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'Tone deaf': MPs grill telecom CEOs about wireless prices at committee

The chief executives of Canada's three largest telecom companies stressed that phone and internet prices are coming down during an appearance before MPs on Monday, noting that increased data usage and high spectrum costs may be some reasons Canadians
Executives from major communications companies appeared at the federal industry committee to testify about their prices. A person uses a cellphone in Ottawa on Monday, July 18, 2022. THE CANADIAN PRESS/Sean Kilpatrick

The chief executives of Canada's three largest telecom companies stressed that phone and internet prices are coming down during an appearance before MPs on Monday, noting that increased data usage and high spectrum costs may be some reasons Canadians feel otherwise.

The three CEOs — Rogers Communications Inc.'s Tony Staffieri, BCE Inc.'s Mirko Bibic and Telus Corp.'s Darren Entwistle — appeared virtually at the House of Commons' industry committee meeting.

Committee members voted unanimously last month to summon the trio to testify after a previous invitation to the chief executives resulted in other corporate representatives showing up instead.

The committee is studying the accessibility and affordability of wireless and broadband services — an issue that came to the forefront in January when Rogers confirmed it was raising prices by an average of $5 for some wireless customers not on contract.

Staffieri was pressed on the matter Monday, with Liberal MP Francesco Sorbara suggesting the move was "tone deaf."

"Would you not admit that the timing was not great?" he asked.

Staffieri replied that the price hike only affected customers on legacy plans.

"It was important to us to make sure that these customers had choice," he said.

"With two clicks, they could get onto a plan that was in market and give them the best value for money for their circumstance."

Conservative MP Ryan Williams questioned Bibic and Entwistle on whether Bell and Telus would raise their prices in response to Rogers' move.

Bibic would not say whether Bell plans to follow suit, insisting the company's focus is on lowering costs, while Entwistle said he remained confident Canadians would see price declines but was "not going to talk about price setting in a forum with my two competitors sitting right here."

Some members of the committee have said they are concerned about cellphone and internet prices in Canada, arguing Canadians pay too much for those services.

But the CEOs cited recent Statistics Canada data showing wireless prices have declined 16 per cent in the past year and 47 per cent over the past five years.

"If you just compare in Canada, 2019 to 2024 alone, we're offering in some cases 10 times more data for $40 less a month," said Bibic.

"You can see the massive drop."

Entwistle said that "massive increase in data consumption" partly explains why some Canadians may hold the perception that their telecom service prices have gone up. He said Canadians are "amongst the highest data consumers in the world," which is why the major companies are offering them bigger plans than before.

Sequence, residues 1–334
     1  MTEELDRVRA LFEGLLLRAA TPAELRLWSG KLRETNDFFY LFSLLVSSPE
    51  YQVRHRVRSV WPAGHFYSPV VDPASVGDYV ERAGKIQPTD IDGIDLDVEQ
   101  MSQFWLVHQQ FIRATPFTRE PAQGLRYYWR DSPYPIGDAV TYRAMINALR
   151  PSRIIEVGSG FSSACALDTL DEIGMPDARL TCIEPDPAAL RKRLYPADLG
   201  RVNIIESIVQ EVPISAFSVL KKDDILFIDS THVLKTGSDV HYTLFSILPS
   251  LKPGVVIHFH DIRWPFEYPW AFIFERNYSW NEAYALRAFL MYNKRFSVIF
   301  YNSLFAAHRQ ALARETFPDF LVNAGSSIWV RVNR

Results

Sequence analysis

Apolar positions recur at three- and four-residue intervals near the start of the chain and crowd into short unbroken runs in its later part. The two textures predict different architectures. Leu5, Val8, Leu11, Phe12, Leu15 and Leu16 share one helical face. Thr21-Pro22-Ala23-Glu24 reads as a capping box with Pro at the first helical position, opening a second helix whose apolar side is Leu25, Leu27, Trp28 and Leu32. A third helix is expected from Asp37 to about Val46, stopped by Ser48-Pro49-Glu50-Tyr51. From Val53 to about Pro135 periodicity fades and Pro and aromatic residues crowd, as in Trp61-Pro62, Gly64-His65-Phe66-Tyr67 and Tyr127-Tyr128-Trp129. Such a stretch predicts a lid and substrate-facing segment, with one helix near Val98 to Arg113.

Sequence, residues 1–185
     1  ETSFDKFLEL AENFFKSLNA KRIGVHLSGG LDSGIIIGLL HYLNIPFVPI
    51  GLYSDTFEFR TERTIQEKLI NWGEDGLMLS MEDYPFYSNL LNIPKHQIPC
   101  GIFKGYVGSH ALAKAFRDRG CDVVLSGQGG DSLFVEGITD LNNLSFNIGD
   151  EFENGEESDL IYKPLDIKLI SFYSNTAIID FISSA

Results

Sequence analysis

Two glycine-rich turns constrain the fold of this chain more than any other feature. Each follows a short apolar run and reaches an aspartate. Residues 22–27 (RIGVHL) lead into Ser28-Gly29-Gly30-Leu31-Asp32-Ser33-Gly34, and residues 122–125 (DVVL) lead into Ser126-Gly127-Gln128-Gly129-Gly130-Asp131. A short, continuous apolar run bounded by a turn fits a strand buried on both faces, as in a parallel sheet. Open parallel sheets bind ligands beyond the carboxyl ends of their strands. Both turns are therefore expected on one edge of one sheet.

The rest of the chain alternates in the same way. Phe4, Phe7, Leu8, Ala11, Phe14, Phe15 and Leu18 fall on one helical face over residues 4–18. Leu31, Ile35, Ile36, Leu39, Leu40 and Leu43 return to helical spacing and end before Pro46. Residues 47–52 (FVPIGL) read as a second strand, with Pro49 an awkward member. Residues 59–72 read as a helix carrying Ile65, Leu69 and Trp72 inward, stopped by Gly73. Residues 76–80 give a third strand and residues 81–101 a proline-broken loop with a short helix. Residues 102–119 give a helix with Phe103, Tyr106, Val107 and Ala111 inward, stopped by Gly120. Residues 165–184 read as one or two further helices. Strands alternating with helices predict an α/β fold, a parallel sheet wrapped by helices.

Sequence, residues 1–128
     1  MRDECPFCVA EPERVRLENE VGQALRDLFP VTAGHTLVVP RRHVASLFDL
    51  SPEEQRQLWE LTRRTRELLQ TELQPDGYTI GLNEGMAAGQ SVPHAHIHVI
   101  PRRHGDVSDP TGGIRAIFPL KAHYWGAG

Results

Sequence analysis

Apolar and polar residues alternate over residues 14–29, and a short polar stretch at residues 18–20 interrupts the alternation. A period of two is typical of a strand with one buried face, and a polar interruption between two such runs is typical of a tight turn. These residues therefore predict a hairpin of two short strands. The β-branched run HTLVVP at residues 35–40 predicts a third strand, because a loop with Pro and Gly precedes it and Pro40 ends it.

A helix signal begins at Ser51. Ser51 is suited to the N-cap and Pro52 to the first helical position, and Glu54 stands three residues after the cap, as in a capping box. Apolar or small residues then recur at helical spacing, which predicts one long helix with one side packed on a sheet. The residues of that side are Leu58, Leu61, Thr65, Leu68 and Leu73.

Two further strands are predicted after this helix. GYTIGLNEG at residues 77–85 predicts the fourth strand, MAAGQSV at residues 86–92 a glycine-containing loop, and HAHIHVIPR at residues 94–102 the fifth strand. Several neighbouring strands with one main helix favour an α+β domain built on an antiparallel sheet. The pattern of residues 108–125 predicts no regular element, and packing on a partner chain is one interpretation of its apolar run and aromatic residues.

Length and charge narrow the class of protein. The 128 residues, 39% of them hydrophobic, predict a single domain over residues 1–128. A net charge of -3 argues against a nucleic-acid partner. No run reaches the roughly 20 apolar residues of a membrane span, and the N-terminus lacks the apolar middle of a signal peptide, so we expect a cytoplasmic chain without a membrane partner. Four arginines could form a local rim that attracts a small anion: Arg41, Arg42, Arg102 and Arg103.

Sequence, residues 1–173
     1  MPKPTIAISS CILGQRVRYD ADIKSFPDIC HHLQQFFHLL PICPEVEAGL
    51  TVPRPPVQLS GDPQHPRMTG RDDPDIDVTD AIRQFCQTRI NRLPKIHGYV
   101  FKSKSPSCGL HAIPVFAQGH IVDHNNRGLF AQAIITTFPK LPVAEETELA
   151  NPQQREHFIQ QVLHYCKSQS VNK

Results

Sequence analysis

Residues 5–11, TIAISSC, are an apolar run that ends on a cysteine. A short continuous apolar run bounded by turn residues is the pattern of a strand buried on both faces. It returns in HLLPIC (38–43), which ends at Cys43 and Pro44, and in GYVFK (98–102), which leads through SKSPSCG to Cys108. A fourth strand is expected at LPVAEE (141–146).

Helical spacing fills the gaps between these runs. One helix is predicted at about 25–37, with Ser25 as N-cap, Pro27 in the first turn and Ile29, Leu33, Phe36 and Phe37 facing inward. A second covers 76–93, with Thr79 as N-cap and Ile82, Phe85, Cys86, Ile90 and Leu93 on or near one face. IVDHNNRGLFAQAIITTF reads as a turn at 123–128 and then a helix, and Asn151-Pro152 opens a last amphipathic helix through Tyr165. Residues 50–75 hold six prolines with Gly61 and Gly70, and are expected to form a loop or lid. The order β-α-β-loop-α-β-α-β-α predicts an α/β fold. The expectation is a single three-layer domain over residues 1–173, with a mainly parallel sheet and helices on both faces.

"If you mathematically cut the cost in half, but the user uses twice as much data as what they did, historically, the cost is going to look the same to the user," he said.

Entwistle added the "missing" element of the conversation pertains to the cost of the physical cellphone itself, which he said can make up nearly half of an overall mobile bill.

"That's an area where we do not control the economics," he said.

"At the end of the day, those economics are determined by the device manufacturers."

The three chief executives also each told the committee that the cost they pay in Canada for wireless spectrum — the electromagnetic frequencies that enable smartphone communications — are among the highest in the world and make it more expensive to operate.

Last November, Canadian wireless companies collectively spent about $2.1 billion on chunks of 5G bandwidth in the federal government’s most recent spectrum auction. At the time, experts said the cost of spectrum incurred by the carriers could lead to higher mobile prices as companies recoup their investments.

Entwistle said that in 2021, spectrum fees accounted for $100 on the annual wireless phone bill of every Canadian.

"That fee reflects the fact that Canadian wireless operators have historically paid the highest prices for spectrum through successive spectrum auctions in the world," he said.

"That is a significant part of our cost base and I would argue it's inconsistent with a policy of trying to improve affordability."

Bibic added that if government-imposed spectrum prices in Canada followed the global average, "every Canadian's wireless bill would be $5 per month lower."

But Conservative MP Rick Perkins suggested the blame also falls on the companies themselves. He said Rogers' quarterly earnings reports frequently "brag about your average revenue per user going up every year."

"That's why Canadians feel they're paying more, because you're charging them more," he said during an exchange with Staffieri.

"Average revenue per user does not equal price," Staffieri replied, noting it is "an accounting metric ... and it includes services that the customer can choose to add on."

"And yours has gone up from $50.75 in 2020, to almost $60 now, in only four years," said Perkins.

This report by The Canadian Press was first published March 18, 2024.

Companies in this story: (TSX:RCI.B, TSX:BCE, TSX:T)

Sammy Hudes, The Canadian Press